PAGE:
In this study, it was observed that 54% of patients had pain, according to literature2,4,21,22. The onset of pain occurred during the evolution of PD, on the body side which presented more motor symptoms. Predominance of pain was found in the off period in 44% of patients. Stiffness was suggested as a pain factor, but it was not occurred in relation to tremor. Studies have shown a predominance of pain in the off period and may be related to increase of stiffness3,4,23. The onset of pain on the most affected body side does not mean that pain is caused only by stiffness and/or bradykinesia, a hypothesis that could show that both the pain and motor symptoms share similar mechanisms, what means that modulation of pain could be performed by dopaminergic pathways on basal ganglia, where the lack of dopamine leads to a painful condition10,24,25.
Association between dyskinesia and pain was not seen as is others studies4,23. Probably this is not observed, because the sample of dyskinesia patients was little and the methodology applied is for great sample.
Depression was not an important factor to trigger the pain. Starkstein et al. have shown that pain is significantly more severe in patients with major depression than in patients with minor or no depression26. According to BDI, this study observed no depression in 56% of the patients, mild to moderate in 34%, moderate to severe in 4% and mayor depression in 6%. These data corroborated to Starkstein et al.26, who concluded that the pain is more severe in patients suffering with major depression.
It was shown an association between activities of daily living (UPDRS-subscale II) in the off period, but it was not observed association between Schwab and England scale ADL and pain in the off period. Although, this scale of activities of daily living is used to assess the severity of the disease, it was observed that UPDRS - subscale II was more sensible. Association between modified Hoehn and Yahr stage and pain was not observed. There has been a greater predominance of stage 2 (46%) and 2.5 (23%). Perhaps, this association had not occurred due to these stages which are minimally disabling27 or because these patients on these stages are taking levodopa and responding this medication.
The improvement of the pain was found in 59.26% of the patients under levodopa effect. However, in 40.7% of these patients this was not observed, suggesting that in addition to the patients who were in "wearing-off" status, there must have been nondopaminergic mechanisms related to primary pain in PD14. Recent studies had shown a reduction of the threshold to pain in PD14,28. Brefel-Courbon et al.28 investigated the pain in PD patients and controls by means of thermal stimulation and cerebral activity with positron emission tomography. They concluded that pain threshold in PD patients in off condition was significantly lower than in controls and the administration of levodopa significantly raised pain threshold in PD patients, but not in controls. Moreover, PD patients have higher pain induced by activation in nociceptive pathways, which can be reduced by levodopa.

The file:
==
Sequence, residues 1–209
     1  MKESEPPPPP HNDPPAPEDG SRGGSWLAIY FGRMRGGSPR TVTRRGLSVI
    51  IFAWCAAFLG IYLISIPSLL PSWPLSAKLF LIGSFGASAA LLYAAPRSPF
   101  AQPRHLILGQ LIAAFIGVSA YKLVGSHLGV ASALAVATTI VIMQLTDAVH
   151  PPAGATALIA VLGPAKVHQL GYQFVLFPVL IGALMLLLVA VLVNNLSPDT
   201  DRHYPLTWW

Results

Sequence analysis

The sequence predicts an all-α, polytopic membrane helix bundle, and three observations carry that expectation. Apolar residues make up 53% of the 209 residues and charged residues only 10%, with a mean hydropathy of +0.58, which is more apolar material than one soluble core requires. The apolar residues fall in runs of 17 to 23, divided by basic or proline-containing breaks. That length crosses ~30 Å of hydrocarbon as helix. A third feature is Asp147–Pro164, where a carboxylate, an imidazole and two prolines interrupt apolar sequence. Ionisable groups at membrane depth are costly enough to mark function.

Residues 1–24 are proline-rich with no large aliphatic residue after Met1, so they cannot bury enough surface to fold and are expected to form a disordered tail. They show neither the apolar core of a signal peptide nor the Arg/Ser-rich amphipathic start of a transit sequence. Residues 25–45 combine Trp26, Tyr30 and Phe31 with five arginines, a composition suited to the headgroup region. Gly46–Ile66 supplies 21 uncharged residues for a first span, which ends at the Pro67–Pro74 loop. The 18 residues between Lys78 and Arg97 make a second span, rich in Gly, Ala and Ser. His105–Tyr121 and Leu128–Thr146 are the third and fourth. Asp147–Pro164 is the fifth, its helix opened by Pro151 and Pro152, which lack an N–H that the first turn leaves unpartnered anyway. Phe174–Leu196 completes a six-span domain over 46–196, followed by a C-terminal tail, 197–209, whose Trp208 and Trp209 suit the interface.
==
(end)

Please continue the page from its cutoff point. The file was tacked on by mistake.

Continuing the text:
Gender and duration of disease were equivalent between the two groups (pain and no pain) in other study4. This study observed neither the relation between gender and pain, nor duration of disease and pain.
Pathophysiology of PD primary pain is little understood, as well as the olfactory dysfunctions29. The involvement of the dopaminergic system in pain transmission is still controversial. Presynaptic dysfunction of nigrostriatal dopaminergic pathway in burning mouth syndrome, suggested that the pathophysiology of this disease is the same for the pain in PD12. Other possibility is that the physiopathological changes in the first pathways of pain transmission in the spinal dorsal cord described by Braak et al.15 lead to a pain in PD patients.
In summary, this study showed that the pain is a frequent complaint in PD patents. Stiffness might be a factor for the beginning of pain, but the tremor did not show this effect. However, there have been patients with pain in both on and off periods; probably these patients were in "wearing-off" status, requiring adjustment to medication. Neither dyskinesia nor depression was suggested relation to pain in PD. More than 50% of patients had improved under levodopa effect. Recognizing if the pain in PD is a primary or secondary condition, allows the adjustment of levodopa when necessary. In other situations, the use of analgesic, anti-inflammatory, antidepressant or anticonvulsive drugs, associated with physiotherapy permits a better quality of life to parkinsonian patients.
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Received 9 December 2008, received in final form 2 April 2009.
Accepted 3 June 2009.
Dra. Grace Helena Letro - Rua Engenheiro Cândido Gomide 468 - 13070-200 Campinas SP - Brasil. E-mail: firstname.lastname@example.org